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Facts, Maps, and Worlds

My timing was off in my previous article. Just as I was proclaiming that Twitter (or X, though I can barely remember that name change), despite its current flaws, is still generally more worthwhile than other social-media platforms, Elon Musk maneuvered the network further into right-wing crank territory, with his endorsement of an assertion that Jews are whipping up anti-White sentiment. Jonah Goldberg has an essay that aptly explains how stupid such assertions are, which I found through Threads, a platform I’ve mostly ignored but to which I’ll give new consideration in light of X’s ongoing decline. Unfortunately, my low follower-count on Threads—23 as of this writing—may be a disincentive to posting there.

Lately I’ve been toggling back and forth between different social-media platforms, reading several books at a time, and generally seeking out sources of information I might’ve overlooked. I’ve spent some time on MasterClass (to which my wife gave me a year’s subscription), completing a course by mathematician Terence Tao and dabbling with offerings from, among others, George W. Bush and Noam Chomsky. As we live in an era of misinformation and motivated reasoning (working backwards from the desired conclusion), it’s important to pay attention to who’s saying what and with how much credibility.

As a fact-checker and copyeditor, as well as a writer, I spend a lot of time assessing whether things are true, or how true they are, or how confident one can be about them. Once, there was a fact-checking disaster when a magazine for which I was working ran a map of the world without India—just blue ocean where the country should be. I couldn’t remember if I’d been one of the people vetting the map before publication, which could mean I’d nothing to do with it, but could also mean I’d seen the map and failed to give it enough scrutiny even to remember I’d seen it. It’s possible to overlook gross errors if one’s attention is elsewhere, as in the experiment where people watch basketballs and overlook a gorilla.

I’ve spent some time lately fact-checking, and arguing against, assertions by Christopher James Stone in his recent Splice Today articles about the Middle East. I’ve pointed out what I consider to be substantial misinformation in these pieces, but I appreciate that Stone expressly welcomes the pushback. See most recently his interview with activist Hugh Lanning, titled “Disappearing Palestine,” and I encourage readers to consider critical sources about the widely-circulated maps of this “disappearance.”

An affinity for maps runs in my family. In my youth, I’d pick up William Shirer’s The Rise and Fall of the Third Reich, from a shelf by a living-room armchair. It had maps in the inner front and back covers showing, respectively, Nazi Germany at its height and the Allied counter-invasions that destroyed it.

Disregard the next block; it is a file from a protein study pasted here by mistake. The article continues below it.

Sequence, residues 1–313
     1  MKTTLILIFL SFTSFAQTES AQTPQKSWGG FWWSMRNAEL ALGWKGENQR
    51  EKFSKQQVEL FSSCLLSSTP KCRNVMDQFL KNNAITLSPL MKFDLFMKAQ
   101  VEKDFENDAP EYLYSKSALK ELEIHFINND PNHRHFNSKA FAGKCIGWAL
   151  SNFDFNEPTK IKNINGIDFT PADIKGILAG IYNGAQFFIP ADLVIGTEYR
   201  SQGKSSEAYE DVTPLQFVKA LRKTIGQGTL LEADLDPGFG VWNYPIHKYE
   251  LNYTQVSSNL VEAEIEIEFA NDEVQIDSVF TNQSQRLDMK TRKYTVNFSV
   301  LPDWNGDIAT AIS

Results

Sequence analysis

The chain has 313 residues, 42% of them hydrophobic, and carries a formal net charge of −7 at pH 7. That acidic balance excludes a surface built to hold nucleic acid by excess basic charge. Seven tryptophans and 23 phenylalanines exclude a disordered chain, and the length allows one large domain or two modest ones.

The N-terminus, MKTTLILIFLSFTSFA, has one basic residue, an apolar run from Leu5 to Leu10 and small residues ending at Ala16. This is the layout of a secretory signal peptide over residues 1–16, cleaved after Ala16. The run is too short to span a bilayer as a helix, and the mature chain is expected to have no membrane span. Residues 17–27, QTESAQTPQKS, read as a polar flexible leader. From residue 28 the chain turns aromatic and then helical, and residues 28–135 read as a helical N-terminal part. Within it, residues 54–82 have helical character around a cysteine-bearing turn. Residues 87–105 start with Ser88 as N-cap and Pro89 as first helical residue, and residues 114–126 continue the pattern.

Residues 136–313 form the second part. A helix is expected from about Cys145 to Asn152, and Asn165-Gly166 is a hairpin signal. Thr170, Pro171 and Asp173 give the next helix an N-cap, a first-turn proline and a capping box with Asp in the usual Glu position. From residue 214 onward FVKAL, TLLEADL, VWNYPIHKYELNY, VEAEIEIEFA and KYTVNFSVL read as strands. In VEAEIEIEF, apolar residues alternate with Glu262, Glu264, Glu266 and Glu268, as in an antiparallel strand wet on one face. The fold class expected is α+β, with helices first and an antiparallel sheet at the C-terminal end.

Geography brought about a frustrating encounter with bureaucracy recently. Seeking to find a high school in North Jersey willing to host our 13-year-old son in taking the AP Human Geography Exam (something he’s studying for with an online tutor, as AP courses and tests aren’t currently given at the private school he attends), I received various reasons why it couldn’t be done. These ranged from the plausible (too many of one school’s own students currently enrolled to administer an exam to an outside student) to the odd (only giving tests to outsiders in courses the school doesn’t offer, when you’d expect the opposite) to the unpalatable (unwilling to test a middle-schooler, for no stated reason).

One of the two high schools in our home district couldn’t be bothered to reply to my inquiry, though I felt a twinge of sympathy as I read articles about how the once-prestigious district’s in turmoil, with “parental-rights” board members and audience activists berating administrators (who’ve been responding with an exodus to less-benighted districts) for “leftist” activities such as mental-health services. Meanwhile, we signed up our son to take the test at his tutor’s school, in Colorado.

My wife and son will travel to Colorado in the spring. I’ve never been to Colorado, at least by my definition. Long ago, I visited Four Corners with my then-girlfriend, but unlike her, I was too inhibited to get on my hands and knees with an appendage in each state, which arguably doesn’t count as visiting all four states even if one does it. Years later, as it happens, I read there was some surveying mix-up such that the real intersection of Colorado, New Mexico, Utah and Arizona was some distance away. Another time, I was on a flight that had a stop at the Denver airport, but I never got off the plane. I don’t claim to have visited Kentucky, either, though I once walked through the Cincinnati airport, which is not in Ohio. But whether it’s “true” to say I’ve never been to Colorado, or to Kentucky, is a debatable proposition.

An absorbing book I read recently is Tolkien in the Twenty-First Century: The Meaning of Middle-Earth Today, by Nick Groom. Tolkien drew maps as a key part of creating Middle-Earth (or, more broadly, Arda, the world of which Middle-Earth is a continent). Tolkien was a pioneer of world-building, and as Groom shows, one way he made his world engaging was by leaving many things murky or subjective; for instance, people and places were often known by varying names, depending on who observed them.

Well-crafted fictional worlds, one suspects, draw benignly on an appeal similar to one that makes malevolent propaganda and conspiracy theories attractive: a sense that there’s real history and geography that one didn’t know about, and that powerful dark forces are shaping the scene.

—Follow Kenneth Silber on Threads: @kennethsilber

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